I was hooked. I loved my new toy.
But my partner did not share my infatuation. He picked up: 9632, Axx, void, KQJTxx. In a team match, with both Vul., he heard a third seat 1D on his right. He left the toy on the shelf, and overcalled a pedestrian 2C, not wanting to admit to his 4-card spade suit. When LHO raised to 2D, and I made a responsive double, he bid just 2S; he could have chosen a more progressive call. We rested there, and, facing my AJxx, Kxxxx, xxxx, void, scored up 170 with reasonable but normal splits. (I did not want to push facing what should have been at most 3 spades). Surely, though, had he trotted out the toy, I would have driven to game.
The moral? If you have a new toy, don’t wait for a sunny day – trot it out!
On the previous hand, when 1NT was not bid, the inference was that overcaller did not have as many as four spades. Later, I held: A9xxx, K, x, AQTxxx. IMP’s, both Vul., and 1D on my right, I bid 2C. When 2D by LHO was passed around to me, I could confidently bid 2S, knowing that partner would not play me for as few as 4 spades.
In another case, partner had x, Axx, AQ987x, xxx. After I passed, RHO opened 1S and he bid 2D. He heard me responsively double a 2S raise; Since I know he does not have 4 hearts, I should be quite prepared to hear him bid 3H now with 3.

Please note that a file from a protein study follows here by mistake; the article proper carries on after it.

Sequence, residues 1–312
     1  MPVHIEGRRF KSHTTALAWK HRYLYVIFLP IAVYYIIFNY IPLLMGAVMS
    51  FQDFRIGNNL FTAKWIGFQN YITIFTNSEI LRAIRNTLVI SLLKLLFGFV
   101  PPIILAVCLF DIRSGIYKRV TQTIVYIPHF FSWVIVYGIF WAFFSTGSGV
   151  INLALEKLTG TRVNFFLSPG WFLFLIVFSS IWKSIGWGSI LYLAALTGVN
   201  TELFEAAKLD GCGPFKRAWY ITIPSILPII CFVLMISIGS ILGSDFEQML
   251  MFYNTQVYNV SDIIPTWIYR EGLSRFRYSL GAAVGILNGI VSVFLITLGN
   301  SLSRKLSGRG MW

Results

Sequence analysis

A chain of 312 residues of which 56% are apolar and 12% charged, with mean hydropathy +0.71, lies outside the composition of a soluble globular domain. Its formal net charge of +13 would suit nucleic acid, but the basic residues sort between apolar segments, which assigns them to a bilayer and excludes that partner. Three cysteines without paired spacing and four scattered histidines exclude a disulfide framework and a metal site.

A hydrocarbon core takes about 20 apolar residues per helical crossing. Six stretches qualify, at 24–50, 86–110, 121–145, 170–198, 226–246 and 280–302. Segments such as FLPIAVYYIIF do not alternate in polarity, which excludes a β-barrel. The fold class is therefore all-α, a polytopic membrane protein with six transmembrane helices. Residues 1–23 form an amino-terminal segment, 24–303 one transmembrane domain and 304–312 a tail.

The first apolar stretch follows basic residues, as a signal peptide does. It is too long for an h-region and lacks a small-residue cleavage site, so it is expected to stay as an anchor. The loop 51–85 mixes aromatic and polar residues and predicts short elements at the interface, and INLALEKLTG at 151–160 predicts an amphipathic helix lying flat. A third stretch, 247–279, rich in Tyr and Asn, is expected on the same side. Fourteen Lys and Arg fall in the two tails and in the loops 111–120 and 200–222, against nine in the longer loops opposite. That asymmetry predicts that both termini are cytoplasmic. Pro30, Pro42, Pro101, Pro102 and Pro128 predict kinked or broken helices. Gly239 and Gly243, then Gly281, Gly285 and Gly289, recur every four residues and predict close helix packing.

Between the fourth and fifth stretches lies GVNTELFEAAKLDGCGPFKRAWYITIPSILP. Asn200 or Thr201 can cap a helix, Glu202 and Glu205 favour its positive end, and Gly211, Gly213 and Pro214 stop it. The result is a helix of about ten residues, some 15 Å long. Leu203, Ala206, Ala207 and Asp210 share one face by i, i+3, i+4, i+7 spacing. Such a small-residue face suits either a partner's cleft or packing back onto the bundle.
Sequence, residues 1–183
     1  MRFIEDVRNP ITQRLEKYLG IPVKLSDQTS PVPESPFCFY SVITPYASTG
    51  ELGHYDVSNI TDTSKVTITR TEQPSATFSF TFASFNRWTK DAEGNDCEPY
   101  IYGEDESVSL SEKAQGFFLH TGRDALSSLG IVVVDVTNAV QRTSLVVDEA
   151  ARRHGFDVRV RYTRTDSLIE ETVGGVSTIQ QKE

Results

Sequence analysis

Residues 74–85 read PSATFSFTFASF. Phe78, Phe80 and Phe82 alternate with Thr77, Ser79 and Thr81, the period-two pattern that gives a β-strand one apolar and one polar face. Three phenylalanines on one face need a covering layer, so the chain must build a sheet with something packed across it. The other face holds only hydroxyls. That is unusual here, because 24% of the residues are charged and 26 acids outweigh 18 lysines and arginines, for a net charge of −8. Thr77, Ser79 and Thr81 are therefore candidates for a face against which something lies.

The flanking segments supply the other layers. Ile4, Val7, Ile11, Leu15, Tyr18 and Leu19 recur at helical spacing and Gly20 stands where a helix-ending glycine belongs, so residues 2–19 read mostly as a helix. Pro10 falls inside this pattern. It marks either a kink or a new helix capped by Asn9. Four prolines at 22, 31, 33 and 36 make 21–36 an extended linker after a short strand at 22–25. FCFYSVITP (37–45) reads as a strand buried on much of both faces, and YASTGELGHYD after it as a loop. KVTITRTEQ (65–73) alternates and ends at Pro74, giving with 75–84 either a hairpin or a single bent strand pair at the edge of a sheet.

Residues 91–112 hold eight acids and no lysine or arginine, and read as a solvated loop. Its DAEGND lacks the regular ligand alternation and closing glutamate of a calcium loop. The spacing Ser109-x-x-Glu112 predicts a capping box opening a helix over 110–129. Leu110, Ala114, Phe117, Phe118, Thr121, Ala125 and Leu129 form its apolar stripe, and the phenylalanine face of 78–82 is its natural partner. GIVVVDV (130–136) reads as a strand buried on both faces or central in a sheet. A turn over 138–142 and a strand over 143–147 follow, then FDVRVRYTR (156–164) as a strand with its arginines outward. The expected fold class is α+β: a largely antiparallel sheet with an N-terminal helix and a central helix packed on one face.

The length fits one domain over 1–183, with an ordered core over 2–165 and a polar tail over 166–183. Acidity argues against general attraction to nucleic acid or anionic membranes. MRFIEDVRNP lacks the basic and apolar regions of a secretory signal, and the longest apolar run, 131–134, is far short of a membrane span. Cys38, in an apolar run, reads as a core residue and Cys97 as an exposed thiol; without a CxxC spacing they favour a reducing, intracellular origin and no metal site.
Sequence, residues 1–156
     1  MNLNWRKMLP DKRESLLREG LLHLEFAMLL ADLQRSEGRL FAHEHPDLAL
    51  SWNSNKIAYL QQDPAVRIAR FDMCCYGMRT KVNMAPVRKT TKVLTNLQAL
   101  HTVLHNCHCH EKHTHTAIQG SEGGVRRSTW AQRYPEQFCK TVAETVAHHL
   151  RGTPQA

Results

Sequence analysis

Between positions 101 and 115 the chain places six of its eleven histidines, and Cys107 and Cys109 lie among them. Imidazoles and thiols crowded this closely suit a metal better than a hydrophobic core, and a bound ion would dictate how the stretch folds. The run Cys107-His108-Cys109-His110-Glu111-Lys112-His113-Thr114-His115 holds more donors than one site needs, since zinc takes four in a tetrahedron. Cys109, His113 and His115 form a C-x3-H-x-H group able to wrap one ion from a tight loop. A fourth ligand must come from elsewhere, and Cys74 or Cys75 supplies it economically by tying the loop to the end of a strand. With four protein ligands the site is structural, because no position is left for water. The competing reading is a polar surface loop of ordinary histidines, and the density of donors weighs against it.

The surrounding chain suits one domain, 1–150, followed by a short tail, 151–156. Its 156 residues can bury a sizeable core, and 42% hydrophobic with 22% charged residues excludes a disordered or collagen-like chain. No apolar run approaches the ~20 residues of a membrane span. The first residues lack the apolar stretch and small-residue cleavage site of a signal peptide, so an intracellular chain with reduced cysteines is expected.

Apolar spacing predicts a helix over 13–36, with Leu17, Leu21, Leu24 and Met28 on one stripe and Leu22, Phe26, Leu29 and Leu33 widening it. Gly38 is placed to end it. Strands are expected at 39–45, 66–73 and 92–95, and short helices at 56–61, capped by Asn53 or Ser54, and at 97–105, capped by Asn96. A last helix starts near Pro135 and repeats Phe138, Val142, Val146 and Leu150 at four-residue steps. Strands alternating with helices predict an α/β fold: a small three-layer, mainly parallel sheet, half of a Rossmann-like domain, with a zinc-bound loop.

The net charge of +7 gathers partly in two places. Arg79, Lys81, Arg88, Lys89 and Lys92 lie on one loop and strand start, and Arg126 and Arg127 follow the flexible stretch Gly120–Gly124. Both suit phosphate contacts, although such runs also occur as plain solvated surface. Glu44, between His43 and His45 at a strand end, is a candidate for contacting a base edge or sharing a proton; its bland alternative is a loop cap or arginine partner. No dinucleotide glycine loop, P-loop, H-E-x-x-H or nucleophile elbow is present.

So not using the toy should tell partner something as well.
When used, the bid may also have lead value. Holding KJx, xxx, JTxx, Jxx, you hear 1C on your left; and a “whirring” noise from your partner (1NT). When 2H is bid on your right, you compete with 3D. In case there was any doubt as to which major your partner has, opener then raised to 3H, which was passed out. A spade lead stands out, which proves two defensive tricks better than a diamond lead. Partner had: Qxxx, x, KQxxx, Axx.
But should you prefer it if something else also fits? What if the hand is very strong, or also suits a takeout double?
We had this pair of hands:
West had Axxxx, T9xx, x, QJx facing East’s x, AJxx, AJx, Kxxxx. In a MP Game, red vs. white, North opened 1S, and East ignored the toy to make a fairly classic takeout double. When South bid 1NT, West bid 2H. Opener now bid 3D. Should East continue with 3H, or does that show game-invitational values? Should West bid again? We meekly sold out, paying out 110 into our own 140. Again, I am sure that West would have competed to 3H if he had been confident of an 8-card fit. If only the marvelous toy had made some noise! (Better judgment may have achieved the same thing).
Are there any upper limits on the bid? There need not be; it can hardly be possible to pass it, when one suit is unknown. So partner tried it with: Kxx, AKxx, AJxxx, A over a 3rd seat 1S. When I bounced to 4H (!), and Opener rebid 4S all on his own, this hand presents an interesting Master Solvers type problem. The 1NT bidder’s continuations are analogous to those of a Micheals cue-bidders’, with one suit unknown. Although double would have resulted in a small plus this time, partner tried a slam, which went down on the Ace of Spades lead and a defensive cross-ruff, which beats even FOUR hearts. However, slam would have made on any other lead. I had: xxx, JTxxx, K, KTxx.
1 All quoted sections are from “The Marvelous Toy”, by the folk singer, Tom Paxton